Actually, I just realized this does mean Shobhit never did get on the viaduct at all. Neither he nor Sherri did, because they did not do the Sunday bike ride. Shobhit really didn't care, though; he never gets sentimental about these things. And when it came to the other four of us, none of us really lamented the decision not to walk the viaduct on Saturday since we'd all be riding it on Sunday anyway. So, once Sherri was in her Uber car, the rest of us walked the block back to Denny Way, where we had great bus timing yet again -- another bus delay meant the #8 was all of two blocks away once we got to that stop. And the icing on the cake was that, since we skipped the viaduct walk, the transfers Dad had taken on the way down even though we all assumed they'd be expired by the time we were headed back, were actually barely still valid -- so nobody had to pay for their bus ride back up the hill.

Speaking of cake, Bakery Nouveau is located just one block from that bus stop at 15th and John on Capitol Hill, and we went in there to get a cake for both Beth's birthday (I asked her: she's 54), and Gina and Beth's anniversary (3rd). So we stopped in there after getting off the bus, and at their request purchased a German Chocolate cake. The anniversary that they share with Beth's birthday was technically yesterday and not Saturday, but they still accepted Shobhit's offer to get a cake for them (spurred, actually, by Sherri asking a few days ago in a Facebook comment thread whether there would be cake), and at first they declined the offer because they were going to a Super Bowl party they knew there would be cake at. But then we all agreed just getting some cake on Saturday would work too.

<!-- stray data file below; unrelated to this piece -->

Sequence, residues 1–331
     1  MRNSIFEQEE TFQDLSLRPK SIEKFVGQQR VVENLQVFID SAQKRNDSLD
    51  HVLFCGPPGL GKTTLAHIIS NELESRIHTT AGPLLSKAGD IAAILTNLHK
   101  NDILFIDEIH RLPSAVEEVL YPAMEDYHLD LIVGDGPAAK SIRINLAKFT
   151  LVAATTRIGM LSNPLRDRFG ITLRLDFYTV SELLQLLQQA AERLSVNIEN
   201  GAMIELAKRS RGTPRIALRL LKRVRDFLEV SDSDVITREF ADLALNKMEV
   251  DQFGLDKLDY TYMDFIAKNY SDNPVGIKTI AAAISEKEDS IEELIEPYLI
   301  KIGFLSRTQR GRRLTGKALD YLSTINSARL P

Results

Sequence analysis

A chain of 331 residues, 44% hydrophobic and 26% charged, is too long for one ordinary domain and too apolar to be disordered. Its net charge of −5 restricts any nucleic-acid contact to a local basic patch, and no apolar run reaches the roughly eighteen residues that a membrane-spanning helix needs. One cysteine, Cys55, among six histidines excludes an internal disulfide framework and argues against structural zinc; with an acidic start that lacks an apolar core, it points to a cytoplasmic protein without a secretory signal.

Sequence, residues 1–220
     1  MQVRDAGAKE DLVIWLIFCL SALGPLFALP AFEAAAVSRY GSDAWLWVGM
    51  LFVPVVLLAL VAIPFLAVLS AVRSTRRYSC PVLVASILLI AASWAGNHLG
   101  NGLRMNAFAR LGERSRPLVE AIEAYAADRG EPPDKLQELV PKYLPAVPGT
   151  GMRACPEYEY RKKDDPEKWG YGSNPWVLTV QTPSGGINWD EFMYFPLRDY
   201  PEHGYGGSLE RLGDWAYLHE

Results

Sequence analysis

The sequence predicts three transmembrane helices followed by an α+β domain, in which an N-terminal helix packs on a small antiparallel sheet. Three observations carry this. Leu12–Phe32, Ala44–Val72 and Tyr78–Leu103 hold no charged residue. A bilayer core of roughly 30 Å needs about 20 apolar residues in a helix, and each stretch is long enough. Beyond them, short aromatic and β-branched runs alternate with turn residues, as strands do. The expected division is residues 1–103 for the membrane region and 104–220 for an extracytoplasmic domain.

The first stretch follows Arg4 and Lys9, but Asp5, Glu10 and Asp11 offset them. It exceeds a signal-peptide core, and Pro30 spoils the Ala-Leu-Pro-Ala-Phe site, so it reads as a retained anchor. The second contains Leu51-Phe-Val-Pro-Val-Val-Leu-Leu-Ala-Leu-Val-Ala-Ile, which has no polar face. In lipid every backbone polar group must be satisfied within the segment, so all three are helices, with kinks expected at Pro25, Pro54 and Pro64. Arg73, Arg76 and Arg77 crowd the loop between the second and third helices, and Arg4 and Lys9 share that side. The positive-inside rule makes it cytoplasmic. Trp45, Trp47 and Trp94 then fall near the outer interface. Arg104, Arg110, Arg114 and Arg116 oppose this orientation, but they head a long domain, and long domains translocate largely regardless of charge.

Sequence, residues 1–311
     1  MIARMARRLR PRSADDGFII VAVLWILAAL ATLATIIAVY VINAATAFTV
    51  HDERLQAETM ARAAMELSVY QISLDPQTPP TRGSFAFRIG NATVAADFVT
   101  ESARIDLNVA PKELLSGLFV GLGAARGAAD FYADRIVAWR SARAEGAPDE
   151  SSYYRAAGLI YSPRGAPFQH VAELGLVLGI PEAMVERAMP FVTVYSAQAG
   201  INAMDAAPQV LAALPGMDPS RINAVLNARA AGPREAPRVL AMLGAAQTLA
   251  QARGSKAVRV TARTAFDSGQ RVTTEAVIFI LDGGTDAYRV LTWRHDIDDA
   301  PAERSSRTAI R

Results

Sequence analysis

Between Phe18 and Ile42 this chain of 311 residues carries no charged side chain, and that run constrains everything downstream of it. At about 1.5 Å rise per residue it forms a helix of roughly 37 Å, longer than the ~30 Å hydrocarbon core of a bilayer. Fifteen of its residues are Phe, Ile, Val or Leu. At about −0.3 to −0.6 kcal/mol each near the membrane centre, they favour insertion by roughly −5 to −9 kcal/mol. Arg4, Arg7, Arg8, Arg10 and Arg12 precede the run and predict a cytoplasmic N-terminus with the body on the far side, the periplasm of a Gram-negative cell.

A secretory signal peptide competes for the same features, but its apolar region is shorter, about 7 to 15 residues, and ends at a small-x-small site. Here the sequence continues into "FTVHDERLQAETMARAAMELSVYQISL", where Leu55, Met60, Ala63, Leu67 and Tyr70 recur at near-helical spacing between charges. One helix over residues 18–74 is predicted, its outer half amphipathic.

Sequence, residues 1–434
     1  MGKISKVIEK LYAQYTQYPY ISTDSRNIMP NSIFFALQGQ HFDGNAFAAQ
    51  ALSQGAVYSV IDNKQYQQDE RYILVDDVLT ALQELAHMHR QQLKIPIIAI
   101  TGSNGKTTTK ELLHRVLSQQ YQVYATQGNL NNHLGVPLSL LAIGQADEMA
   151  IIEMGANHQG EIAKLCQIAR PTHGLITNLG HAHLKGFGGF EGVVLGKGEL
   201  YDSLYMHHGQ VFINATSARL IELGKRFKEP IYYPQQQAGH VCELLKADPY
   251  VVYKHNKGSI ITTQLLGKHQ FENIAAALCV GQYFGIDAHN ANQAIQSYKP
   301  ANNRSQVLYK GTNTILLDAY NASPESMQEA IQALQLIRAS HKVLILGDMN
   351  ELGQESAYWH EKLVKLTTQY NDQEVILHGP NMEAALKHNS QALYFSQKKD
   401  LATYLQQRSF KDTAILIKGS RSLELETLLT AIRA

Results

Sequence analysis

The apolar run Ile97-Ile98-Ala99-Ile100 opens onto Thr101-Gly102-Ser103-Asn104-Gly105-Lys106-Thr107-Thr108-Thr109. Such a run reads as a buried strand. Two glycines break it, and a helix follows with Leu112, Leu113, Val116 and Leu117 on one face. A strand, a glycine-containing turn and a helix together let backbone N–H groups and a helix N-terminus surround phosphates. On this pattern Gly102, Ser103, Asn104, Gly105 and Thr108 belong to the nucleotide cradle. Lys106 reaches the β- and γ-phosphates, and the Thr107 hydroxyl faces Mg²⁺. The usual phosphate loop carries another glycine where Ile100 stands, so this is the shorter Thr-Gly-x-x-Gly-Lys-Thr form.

It was not much later at all when we went out to dinner -- we went to The Pho' on Broadway; Gina and Beth really wanted to get pho', and although the other stuff on their menu isn't particularly special, they have great pho'. It's the place Ivan always likes to go to whenever he and I go out for pho'. I took Shobhit's car and drove Sherri there, parking in the garage below QFC where you can get an hour free parking. It can take so long to get anywhere in Seattle by car, that between that and walking out of the garage and across the street, Sherri and I were seated probably no longer than five minutes before the other four, who had walked, arrived as well.